Lyle Peters, owner of Lyle's Barber Shop, seems equally philosophical.

"They all seem like the same once they get in there anyway," Peters said.

Darold Veer Husen, a former Storm Lake businessman who was getting a trim at Daryl Schade's barbershop on Lake Avenue Monday, took a critical eye of the media's spin on the election.

"You have to have the debate and then you have to have the intellectual pharisees tell us what they said. They think we're not smart enough to figure it out for ourselves. The news media has tried to dominate the election and tell us what we should know."

Schade wasn't making any bets either way on how the Presidential election would turn out.

"All I know is it's going to be a pretty tight race," Schade said. He also noted that sports, politics, and religion were the three things best not discussed in a barbershop.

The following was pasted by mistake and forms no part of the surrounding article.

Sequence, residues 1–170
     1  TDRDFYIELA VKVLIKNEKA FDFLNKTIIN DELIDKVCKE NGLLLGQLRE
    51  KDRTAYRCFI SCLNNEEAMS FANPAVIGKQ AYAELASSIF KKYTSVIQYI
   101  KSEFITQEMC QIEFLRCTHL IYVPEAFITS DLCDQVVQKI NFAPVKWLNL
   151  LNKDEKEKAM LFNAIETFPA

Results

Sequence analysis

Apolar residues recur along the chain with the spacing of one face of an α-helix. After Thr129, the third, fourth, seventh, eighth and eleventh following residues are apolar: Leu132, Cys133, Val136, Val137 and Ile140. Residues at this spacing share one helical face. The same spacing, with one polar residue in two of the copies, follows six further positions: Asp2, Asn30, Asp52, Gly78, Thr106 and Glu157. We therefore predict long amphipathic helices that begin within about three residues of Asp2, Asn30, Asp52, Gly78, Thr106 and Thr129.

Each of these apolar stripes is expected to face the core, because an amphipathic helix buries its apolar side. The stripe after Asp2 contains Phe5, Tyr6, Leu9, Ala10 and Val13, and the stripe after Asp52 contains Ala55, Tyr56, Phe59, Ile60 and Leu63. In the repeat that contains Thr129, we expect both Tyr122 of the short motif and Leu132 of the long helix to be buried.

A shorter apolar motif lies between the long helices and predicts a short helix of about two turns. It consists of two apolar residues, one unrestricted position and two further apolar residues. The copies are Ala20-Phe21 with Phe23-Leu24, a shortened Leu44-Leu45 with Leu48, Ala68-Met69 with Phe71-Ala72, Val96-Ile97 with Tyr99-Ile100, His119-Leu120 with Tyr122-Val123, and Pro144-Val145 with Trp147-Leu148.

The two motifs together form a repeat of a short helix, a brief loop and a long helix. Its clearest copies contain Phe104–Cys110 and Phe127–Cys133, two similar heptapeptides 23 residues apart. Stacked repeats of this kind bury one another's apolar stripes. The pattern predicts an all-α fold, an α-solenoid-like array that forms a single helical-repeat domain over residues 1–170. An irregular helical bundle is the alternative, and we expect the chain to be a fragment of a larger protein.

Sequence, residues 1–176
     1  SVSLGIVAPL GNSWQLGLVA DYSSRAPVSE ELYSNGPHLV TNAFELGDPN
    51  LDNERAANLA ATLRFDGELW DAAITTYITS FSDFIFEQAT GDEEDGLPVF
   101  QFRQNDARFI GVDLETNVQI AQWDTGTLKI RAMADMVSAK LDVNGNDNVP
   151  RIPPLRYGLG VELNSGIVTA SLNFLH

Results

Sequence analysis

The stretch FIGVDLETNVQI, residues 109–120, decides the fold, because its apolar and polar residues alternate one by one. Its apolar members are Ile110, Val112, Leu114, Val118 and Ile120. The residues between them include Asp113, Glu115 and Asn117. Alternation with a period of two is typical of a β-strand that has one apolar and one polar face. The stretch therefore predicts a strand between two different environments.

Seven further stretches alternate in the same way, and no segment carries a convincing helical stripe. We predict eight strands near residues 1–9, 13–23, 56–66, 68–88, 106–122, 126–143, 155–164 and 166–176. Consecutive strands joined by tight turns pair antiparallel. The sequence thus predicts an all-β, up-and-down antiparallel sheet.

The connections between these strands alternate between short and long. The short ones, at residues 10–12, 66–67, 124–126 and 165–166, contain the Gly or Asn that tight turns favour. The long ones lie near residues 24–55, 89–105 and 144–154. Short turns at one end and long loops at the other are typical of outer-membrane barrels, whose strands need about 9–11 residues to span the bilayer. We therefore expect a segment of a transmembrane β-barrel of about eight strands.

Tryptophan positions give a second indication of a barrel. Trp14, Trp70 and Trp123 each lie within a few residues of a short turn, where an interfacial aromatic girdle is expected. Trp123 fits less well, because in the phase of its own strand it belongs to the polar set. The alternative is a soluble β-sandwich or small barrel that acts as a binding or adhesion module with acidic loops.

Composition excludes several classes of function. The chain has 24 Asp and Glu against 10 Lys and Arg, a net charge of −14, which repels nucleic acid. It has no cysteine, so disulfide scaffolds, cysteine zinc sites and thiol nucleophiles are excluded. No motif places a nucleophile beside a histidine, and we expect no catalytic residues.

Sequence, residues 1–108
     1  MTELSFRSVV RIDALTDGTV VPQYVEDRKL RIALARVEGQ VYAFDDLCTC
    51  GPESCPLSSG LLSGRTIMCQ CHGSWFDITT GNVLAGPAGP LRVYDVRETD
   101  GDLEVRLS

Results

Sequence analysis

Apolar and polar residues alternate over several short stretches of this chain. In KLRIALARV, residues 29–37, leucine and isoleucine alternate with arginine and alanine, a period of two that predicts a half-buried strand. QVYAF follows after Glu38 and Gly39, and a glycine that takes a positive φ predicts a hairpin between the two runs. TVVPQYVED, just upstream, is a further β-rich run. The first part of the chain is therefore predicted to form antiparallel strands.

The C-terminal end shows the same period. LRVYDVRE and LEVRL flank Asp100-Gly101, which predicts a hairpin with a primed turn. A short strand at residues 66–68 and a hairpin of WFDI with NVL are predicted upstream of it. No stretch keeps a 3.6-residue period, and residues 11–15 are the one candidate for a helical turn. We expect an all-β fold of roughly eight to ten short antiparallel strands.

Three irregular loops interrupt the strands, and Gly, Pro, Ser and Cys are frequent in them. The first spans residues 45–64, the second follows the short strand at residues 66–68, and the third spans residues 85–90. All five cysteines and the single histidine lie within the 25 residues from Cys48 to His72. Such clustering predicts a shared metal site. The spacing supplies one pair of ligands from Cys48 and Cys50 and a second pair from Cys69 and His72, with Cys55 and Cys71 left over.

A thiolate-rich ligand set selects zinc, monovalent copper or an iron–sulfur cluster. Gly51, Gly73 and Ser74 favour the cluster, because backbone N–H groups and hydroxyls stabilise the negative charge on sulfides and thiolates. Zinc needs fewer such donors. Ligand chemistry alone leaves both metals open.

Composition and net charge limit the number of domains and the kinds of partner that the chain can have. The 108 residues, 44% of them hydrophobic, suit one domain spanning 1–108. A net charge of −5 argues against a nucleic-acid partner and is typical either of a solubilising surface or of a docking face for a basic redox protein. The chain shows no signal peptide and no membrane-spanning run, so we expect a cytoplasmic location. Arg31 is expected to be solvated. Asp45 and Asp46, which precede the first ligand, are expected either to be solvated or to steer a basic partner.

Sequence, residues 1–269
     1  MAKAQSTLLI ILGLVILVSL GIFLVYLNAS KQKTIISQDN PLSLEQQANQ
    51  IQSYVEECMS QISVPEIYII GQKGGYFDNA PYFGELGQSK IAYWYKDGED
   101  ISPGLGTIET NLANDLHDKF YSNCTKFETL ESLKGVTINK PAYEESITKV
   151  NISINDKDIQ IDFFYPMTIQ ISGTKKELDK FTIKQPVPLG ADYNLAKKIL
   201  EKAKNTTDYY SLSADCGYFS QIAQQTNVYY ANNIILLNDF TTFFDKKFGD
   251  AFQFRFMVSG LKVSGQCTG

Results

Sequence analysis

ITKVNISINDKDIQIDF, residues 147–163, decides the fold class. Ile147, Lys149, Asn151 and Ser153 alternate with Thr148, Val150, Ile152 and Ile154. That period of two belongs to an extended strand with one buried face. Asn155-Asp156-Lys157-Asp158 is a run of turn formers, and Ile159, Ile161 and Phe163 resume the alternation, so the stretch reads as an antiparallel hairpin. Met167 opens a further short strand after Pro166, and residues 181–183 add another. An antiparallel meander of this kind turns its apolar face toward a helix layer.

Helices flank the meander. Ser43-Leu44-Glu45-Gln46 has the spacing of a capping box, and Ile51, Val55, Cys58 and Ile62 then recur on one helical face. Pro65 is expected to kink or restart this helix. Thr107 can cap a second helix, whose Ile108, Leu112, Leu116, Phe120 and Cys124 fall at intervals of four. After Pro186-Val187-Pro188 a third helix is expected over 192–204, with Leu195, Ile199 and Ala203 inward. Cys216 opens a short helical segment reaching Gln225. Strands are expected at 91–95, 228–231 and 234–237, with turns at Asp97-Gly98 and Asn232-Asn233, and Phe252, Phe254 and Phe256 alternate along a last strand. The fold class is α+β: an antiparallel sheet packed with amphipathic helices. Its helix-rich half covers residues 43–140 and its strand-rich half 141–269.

Even at Gingerbread House day care, the election was the topic of discussion.

Chris, age 9, said he likes President Bush. "He seems like a nice President," Chris said.

Dalton, also 9, seems to have the makings of a future politician since he has a pretty good grasp of domestic policy. "I think we should raise tax for people so they can get insurance," said Dalton, a Kerry backer. "His face looks like a greyhound dog's," Dalton noted.

Emma, 6, backs the President "because he's a good man."

Josh, 8 1/2, backs President Bush "because I've known him longer than Kerry and I just think he'll win. He talks clearly and he's a really nice person. And I know where he lives, Washington, D.C."

Poll Results: On Oct. 25, the Reuters/Zogby poll had Bush leading Kerry in Iowa 47-44 percent; by Monday, an eight-point shift had occurred to Kerry leading 50-45. Slate Magazine gave an election scorecard on Friday with Kerry having 272 electoral votes, Bush 266. On Monday it was 286-252 in favor of Bush.